Why air bridges have been ‘shelved’ - and the countries cleared for take-off

UK to allow quarantine-free travel to nearly all EU countries and many other destinations across the world

UK to allow quarantine-free travel to nearly all EU countries and many other destinations across the world
(Image credit: David Ramos/Getty Images)

Plans to launch individual “air bridges” from the UK are being ditched as the government opts instead to allow quarantine-free travel to up to 75 low-risk countries, according to reports.

The Foreign Office is expected to lift a ban on non-essential travel to a host of countries with low coronavirus infection rates, and holidaymakers will no longer be required to quarantine for 14 days when they arrive back in the UK.

Why are air bridges being scrapped?

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The new plan, to be announced officially later this week, is viewed by many commentators as “tacit acceptance that ‘bilateral air bridges’, or ’travel corridors’, were unworkable”, reports The Telegraph.

Regardless of the reasons, the decision to open up the UK’s borders to dozens of countries included on a “quarantine exemption list” has been welcomed by the travel and aviation industry, as well as holidaymakers.

Paul Charles, a spokesperson for the Quash Quarantine campaign group of 500 travel and hospitality businesses, told the newspaper: “We have said all along that air bridges were unsustainable in Europe because you can’t restrict people travelling in the EU or Schengen.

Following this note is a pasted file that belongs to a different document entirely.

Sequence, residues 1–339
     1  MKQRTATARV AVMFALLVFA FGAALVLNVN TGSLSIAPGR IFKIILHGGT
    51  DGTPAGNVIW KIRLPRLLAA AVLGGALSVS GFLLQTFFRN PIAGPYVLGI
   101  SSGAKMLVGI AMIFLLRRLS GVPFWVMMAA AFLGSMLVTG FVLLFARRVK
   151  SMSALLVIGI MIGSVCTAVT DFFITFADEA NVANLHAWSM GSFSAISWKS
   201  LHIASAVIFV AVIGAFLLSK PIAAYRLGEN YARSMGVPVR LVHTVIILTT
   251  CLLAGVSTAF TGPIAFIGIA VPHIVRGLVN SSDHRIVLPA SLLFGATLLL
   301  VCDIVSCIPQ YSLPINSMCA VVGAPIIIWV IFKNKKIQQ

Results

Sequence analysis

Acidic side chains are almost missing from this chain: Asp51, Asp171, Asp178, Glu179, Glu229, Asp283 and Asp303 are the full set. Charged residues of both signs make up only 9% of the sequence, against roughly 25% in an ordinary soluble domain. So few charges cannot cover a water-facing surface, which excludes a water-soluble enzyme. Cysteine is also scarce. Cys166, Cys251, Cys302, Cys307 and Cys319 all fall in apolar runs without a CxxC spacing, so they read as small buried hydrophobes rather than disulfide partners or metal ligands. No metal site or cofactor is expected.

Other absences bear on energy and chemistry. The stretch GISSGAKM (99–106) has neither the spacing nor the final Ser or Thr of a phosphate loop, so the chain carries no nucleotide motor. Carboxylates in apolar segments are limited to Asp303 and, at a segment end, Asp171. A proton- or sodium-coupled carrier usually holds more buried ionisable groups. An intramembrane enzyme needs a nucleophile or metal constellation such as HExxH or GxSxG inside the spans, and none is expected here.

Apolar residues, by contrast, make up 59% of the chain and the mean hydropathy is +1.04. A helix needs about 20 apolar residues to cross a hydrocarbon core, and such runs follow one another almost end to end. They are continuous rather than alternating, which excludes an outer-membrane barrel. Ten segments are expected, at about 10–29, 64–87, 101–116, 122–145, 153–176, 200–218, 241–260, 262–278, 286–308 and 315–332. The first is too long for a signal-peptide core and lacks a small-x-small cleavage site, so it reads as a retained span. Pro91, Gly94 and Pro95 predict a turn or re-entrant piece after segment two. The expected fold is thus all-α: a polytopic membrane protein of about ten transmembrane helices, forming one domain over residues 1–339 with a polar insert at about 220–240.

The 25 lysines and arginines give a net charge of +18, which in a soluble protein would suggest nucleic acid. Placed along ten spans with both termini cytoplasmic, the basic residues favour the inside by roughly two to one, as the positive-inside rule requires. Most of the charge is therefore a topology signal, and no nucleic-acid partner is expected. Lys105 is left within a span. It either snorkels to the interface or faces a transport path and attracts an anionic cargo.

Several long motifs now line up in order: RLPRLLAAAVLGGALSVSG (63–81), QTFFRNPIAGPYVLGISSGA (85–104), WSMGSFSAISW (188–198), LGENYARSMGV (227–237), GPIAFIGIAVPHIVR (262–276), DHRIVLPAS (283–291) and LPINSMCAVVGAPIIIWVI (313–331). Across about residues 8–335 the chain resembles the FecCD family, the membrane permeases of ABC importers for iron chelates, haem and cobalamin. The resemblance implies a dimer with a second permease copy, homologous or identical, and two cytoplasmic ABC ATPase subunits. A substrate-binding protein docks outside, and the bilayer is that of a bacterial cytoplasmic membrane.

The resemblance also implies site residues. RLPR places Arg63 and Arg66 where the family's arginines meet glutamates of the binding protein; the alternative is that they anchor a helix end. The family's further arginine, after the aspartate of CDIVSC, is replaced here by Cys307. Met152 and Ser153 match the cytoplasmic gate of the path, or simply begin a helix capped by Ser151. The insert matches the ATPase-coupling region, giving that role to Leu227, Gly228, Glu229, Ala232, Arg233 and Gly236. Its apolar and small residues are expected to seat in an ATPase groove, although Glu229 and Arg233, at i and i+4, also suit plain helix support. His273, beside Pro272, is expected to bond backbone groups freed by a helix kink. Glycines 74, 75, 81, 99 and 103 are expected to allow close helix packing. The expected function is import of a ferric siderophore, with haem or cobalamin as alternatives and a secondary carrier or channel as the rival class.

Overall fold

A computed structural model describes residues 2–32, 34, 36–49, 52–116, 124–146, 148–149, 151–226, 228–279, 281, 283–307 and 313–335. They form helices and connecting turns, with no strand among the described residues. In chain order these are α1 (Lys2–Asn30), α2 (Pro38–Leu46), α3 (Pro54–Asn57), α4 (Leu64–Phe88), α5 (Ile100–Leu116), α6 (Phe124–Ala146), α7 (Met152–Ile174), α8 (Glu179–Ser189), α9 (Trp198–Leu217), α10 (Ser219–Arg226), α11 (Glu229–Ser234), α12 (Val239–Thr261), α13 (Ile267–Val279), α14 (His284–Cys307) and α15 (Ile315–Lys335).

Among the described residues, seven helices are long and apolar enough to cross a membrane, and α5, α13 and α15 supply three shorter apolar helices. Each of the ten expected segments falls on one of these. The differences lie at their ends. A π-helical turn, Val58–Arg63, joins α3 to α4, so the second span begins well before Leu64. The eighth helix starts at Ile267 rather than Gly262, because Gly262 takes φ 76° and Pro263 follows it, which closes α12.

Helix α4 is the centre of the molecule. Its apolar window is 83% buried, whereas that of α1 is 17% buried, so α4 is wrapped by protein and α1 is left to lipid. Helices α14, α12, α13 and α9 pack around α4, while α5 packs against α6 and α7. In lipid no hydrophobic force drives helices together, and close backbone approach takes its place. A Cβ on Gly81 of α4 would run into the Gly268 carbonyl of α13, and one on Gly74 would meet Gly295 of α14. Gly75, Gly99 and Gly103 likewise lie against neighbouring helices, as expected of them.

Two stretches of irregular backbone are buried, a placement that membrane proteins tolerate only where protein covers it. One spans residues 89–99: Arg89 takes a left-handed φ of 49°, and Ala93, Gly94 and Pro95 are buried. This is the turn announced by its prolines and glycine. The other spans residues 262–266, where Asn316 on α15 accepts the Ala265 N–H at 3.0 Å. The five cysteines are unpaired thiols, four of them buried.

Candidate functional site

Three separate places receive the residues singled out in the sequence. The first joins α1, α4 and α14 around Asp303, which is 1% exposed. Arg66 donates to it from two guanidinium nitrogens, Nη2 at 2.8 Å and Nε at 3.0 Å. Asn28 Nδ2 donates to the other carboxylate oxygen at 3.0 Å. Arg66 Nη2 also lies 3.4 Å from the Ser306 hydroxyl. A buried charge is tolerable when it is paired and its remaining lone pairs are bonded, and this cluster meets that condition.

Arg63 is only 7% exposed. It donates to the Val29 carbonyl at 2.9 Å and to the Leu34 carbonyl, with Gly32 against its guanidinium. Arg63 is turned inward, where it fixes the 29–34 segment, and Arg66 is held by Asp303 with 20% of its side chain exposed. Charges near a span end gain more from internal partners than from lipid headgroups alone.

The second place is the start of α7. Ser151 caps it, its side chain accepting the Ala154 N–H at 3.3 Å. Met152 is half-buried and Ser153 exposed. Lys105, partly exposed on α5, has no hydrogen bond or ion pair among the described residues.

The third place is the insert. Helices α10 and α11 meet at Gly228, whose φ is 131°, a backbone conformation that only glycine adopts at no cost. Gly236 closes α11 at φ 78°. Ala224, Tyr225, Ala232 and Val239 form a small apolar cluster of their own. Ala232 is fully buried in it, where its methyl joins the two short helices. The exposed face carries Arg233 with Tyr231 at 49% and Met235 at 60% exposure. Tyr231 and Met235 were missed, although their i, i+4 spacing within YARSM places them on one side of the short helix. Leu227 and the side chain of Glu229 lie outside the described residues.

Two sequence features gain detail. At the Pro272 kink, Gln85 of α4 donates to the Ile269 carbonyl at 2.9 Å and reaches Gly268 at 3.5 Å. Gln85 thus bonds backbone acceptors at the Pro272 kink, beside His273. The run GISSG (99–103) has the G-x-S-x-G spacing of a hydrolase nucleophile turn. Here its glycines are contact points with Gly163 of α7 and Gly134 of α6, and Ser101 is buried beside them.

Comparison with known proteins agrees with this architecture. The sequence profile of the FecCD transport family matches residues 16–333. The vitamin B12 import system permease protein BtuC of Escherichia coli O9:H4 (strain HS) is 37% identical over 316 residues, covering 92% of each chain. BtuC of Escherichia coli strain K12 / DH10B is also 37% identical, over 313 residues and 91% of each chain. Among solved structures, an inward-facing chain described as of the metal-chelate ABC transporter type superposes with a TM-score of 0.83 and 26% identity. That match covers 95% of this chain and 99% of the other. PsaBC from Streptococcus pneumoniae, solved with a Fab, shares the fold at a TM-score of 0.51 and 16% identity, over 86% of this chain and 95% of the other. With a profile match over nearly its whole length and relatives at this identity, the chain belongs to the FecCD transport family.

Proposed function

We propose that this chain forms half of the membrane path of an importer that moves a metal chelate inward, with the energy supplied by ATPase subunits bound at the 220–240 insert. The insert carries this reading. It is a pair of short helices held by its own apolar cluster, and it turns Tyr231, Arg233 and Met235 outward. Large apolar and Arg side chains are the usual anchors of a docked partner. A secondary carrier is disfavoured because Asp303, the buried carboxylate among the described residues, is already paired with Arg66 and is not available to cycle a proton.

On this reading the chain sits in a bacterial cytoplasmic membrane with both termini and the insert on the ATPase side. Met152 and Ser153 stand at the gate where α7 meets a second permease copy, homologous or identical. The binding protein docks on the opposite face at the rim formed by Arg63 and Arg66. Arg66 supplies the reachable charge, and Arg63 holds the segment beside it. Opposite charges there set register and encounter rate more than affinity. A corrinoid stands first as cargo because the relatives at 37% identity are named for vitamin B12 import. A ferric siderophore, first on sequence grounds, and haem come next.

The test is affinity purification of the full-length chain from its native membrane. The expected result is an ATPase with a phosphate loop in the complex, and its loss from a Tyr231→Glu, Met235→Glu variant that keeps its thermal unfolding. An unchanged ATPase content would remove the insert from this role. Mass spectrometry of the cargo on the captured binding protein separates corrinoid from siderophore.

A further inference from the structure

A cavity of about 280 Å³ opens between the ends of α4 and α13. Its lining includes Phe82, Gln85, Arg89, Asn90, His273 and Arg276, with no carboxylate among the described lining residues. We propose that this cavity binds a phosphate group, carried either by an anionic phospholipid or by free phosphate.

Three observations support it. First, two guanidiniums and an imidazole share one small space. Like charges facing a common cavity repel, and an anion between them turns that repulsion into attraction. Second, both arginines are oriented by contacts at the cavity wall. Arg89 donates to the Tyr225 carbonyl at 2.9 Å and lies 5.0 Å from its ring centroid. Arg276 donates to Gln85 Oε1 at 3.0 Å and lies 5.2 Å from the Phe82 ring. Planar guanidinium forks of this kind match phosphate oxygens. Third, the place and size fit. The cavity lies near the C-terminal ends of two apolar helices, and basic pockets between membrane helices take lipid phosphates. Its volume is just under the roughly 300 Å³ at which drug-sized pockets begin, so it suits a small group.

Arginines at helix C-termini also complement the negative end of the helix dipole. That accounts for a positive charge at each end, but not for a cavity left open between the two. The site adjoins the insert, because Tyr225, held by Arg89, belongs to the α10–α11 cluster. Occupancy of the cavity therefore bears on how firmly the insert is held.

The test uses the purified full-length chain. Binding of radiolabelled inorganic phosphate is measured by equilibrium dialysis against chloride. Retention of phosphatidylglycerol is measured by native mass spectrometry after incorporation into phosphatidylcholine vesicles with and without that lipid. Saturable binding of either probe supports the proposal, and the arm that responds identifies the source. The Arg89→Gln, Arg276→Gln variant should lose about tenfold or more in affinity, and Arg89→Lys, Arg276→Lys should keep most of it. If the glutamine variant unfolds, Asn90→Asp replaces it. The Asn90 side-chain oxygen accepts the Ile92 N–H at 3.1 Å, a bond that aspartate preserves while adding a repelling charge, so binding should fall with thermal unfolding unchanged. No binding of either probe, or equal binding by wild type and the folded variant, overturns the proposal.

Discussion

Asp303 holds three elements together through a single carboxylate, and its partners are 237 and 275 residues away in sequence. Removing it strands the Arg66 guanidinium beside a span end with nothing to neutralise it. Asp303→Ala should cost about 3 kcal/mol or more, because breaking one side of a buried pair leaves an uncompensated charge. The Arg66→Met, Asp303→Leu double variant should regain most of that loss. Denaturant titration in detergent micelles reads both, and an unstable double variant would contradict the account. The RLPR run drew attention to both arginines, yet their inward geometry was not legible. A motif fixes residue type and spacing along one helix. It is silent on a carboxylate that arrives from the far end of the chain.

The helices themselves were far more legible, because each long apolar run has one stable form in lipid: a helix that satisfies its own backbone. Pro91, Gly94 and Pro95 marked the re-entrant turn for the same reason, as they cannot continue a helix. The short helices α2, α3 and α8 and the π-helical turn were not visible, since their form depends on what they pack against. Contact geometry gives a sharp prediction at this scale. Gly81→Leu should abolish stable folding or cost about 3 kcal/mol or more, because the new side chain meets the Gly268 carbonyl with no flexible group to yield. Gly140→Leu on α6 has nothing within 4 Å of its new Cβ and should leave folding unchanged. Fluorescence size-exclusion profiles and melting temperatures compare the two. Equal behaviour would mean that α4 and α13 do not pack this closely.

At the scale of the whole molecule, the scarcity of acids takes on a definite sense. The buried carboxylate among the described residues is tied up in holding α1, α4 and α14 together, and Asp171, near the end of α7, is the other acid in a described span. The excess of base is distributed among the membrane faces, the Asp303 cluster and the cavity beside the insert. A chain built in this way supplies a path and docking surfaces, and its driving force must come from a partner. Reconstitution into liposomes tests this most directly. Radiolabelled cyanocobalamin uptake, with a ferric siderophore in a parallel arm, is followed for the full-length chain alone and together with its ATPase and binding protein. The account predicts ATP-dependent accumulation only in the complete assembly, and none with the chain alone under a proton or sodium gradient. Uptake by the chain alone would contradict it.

“It’s sensible and logical and I wish we could have had it earlier. It begs the question as to why have we gone round in circles.”

Transport Secretary Grant Shapps has been pushing for a series of air-bridge deals with individual countries, but Foreign Office officials were reportedly concerned about the potential political consequences.

A senior government source told The Telegraph that creating a specific list of air-bridge countries exempt from quarantine could cause diplomatic strife and lead to legal challenges.

“They suggested that to avoid such a fall-out, officials were instead pushing for a more informal system which would merely see the FCO’s travel advice section amended to include a list of high-risk countries where Britons should refrain from travelling to,” the paper reports.

Henry Smith, chair of the cross-party Future of Aviation group, said: “We need to get a set of criteria and subsequent list of countries published. Every day of uncertainty translates into more jobs lost.”

Which countries are to be cleared?

Countries will be classified as green, amber or red under the government’s traffic light system, according to the number of new coronavirus cases reported. Nearly all EU destinations are expected to be cleared for travel, along with British territories such as Bermuda and Gibraltar.

Countries that currently have lower infection rates than the UK include France, Spain, Italy, Austria, Greece, Switzerland, Belgium, Ireland, Iceland, Poland, Malta, Cyprus, the Netherlands, Denmark, Norway, Finland, Denmark, Slovenia, Slovakia and Germany, all of which are expected will be on the safe, or green, list.

Turkey, Thailand, Australia and New Zealand have also all been judged sufficiently low risk and will be cleared, as will Croatia, says The Telegraph. But the US, Russia and Brazil will stay in the UK’s “red” list, with the ban on non-essential travel to remain in place.

The ban will also apply to Sweden, which has never fully locked down and currently tops the infection rate table in the EU with a rate of 60 cases of coronavirus per 100,000 of the population.

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